When I was growing up in India in the 1990s, about a dozen American blockbusters played on loop on local television each month. One of them was the Tommy Lee Jones film Volcano, wherein oceans of lava descend on Los Angeles. Geologist Amy Barnes (Anne Heche) finds cracks in the ground that issue steam all over the city while toxic gases are killing passengers on the subway and lava bombs begin lobbing themselves out of the ground. Soon a volcano comes to life aboveground, spewing lava all the way down Wilshire Boulevard. Perhaps the filmmakers never sat in traffic on the aforementioned street — lava speeding down Wilshire would be a welcome change of pace, compared to rush-hour commutes. Jones is Mike Roark, head of the city’s office of emergency management who has the bright idea to demolish tall buildings in order to create a dam that will channel the lava to the Pacific Ocean. This being an American disaster film from the ’90s, the plan is successful! Roark is safely re-united with his daughter Kelly (Gaby Hoffman, of all people)! Dr. Barnes survives! Talk about creative destruction.
Conclusions: Unlike most disaster movies, Volcano focuses in part on a very real threat — one that Kathryn Schulz won a Pulitzer Prize this week for writing about: an earthquake. Read paragraphs 10–14 in Schultz’s piece for a bone-chilling lesson in just what’s going to happen. Then turn back to the screen and admire the makeshift civil engineering that created those glorious lava-sluices. Then, if you live on the West Coast, pack your bags and get the hell out.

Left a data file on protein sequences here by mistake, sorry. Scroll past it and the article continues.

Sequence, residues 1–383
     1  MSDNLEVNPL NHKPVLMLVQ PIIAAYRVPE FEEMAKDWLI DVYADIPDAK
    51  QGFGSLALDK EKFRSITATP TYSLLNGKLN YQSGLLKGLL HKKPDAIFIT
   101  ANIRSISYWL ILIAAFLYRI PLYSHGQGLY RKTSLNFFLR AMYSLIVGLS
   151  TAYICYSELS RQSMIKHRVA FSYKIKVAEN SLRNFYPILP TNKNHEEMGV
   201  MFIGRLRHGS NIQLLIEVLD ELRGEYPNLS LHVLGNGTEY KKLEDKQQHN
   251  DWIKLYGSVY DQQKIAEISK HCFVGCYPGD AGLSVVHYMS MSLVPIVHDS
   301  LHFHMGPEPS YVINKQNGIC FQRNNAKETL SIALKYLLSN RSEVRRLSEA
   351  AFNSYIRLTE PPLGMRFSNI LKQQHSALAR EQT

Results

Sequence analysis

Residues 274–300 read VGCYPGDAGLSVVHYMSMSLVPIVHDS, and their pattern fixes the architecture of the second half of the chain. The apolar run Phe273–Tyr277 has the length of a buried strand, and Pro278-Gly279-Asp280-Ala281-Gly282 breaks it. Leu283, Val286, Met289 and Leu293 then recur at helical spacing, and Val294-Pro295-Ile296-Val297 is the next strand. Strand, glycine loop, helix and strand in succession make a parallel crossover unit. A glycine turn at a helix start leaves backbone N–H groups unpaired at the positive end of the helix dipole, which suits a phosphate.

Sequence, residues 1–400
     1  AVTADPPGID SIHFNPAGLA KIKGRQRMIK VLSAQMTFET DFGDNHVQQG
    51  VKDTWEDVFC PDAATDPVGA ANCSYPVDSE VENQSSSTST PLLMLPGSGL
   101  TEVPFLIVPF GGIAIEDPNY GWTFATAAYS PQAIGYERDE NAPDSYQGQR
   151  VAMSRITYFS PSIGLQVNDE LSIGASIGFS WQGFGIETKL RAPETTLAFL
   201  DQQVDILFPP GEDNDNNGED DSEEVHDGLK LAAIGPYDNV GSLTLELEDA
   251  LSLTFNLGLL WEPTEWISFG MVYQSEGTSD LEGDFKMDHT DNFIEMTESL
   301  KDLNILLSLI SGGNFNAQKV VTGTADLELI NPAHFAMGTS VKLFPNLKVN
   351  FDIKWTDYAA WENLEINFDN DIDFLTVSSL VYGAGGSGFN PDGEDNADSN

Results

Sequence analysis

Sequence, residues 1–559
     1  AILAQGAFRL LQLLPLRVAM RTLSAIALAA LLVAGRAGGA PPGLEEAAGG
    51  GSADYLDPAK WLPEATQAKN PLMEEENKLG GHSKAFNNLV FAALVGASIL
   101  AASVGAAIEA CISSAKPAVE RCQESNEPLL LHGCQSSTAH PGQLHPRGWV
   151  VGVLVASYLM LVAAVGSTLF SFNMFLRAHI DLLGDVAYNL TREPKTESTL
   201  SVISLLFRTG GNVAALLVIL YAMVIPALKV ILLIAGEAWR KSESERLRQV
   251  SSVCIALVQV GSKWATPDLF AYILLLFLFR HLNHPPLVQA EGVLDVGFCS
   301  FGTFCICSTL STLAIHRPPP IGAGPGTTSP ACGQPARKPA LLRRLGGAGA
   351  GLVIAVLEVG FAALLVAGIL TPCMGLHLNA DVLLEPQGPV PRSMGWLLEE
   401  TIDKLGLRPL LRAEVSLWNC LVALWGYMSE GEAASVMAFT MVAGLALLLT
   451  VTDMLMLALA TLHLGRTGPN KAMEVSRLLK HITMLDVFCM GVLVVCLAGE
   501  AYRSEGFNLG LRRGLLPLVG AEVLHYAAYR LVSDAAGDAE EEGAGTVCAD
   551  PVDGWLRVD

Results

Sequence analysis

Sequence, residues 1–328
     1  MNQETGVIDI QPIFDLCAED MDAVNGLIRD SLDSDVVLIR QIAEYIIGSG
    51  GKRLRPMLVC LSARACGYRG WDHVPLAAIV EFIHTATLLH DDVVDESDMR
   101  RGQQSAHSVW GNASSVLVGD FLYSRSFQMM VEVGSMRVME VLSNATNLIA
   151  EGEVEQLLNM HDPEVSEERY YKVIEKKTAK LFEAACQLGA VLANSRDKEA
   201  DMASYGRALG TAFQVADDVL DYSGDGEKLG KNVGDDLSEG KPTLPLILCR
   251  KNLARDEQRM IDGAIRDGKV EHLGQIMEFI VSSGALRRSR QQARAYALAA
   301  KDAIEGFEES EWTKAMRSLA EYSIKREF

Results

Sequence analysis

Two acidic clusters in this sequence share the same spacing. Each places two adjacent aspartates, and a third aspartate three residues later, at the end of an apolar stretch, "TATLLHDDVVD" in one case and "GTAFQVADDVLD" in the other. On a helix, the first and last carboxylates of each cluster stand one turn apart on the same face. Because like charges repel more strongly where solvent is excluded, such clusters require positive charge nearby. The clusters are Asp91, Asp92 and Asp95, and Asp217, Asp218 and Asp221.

Verdict: Practical from an engineering standpoint; scary for Californians.
‘A Boy and His Dog’ (1975)
Based on a novel by Harlan Ellison, the film follows Vic (Don Johnson), an 18-year-old orphan who has no sense of ethics or morals, and his telepathic dog Blood as they go about life in the hellscape that is the year 2024. In exchange for food, Blood studies scents on the path and locates women for Vic to rape. New (and ostensibly consenting?) sex partner Quilla June Holmes (Susanne Benton) lures Vic underground to a biosphere named Topeka. Blood angrily refuses to follow. The mise-en-scène of Topeka is like a nightmare from pre-World War II America. Everyone is sporting white make-up with painted rosy cheeks. Dead-eyed maidens, dressed in wedding gowns, are impregnated artificially via “electroejaculation.” Vic was initially delighted at his “stud” status, but realizes he won’t achieve physical pleasure. He escapes with Quilla June. Back outside, they find Blood near death. Quilla June pleads with Vic, saying she loves him, and that they should leave Blood to find shelter and food. She’s summarily roasted and eaten. The final scene features Blood calmly thanking Vic: “This is awfully kind of you.”
Conclusions: The film was lauded by critics upon its release, but I could barely sit through a single viewing. Compared to what follows, the nuclear holocaust in A Boy and His Dog is infinitely preferable.
Verdict: Frankly impractical, inadvisable, and outright disgusting behavior during and after the apocalypse.
‘Soylent Green’ (1973)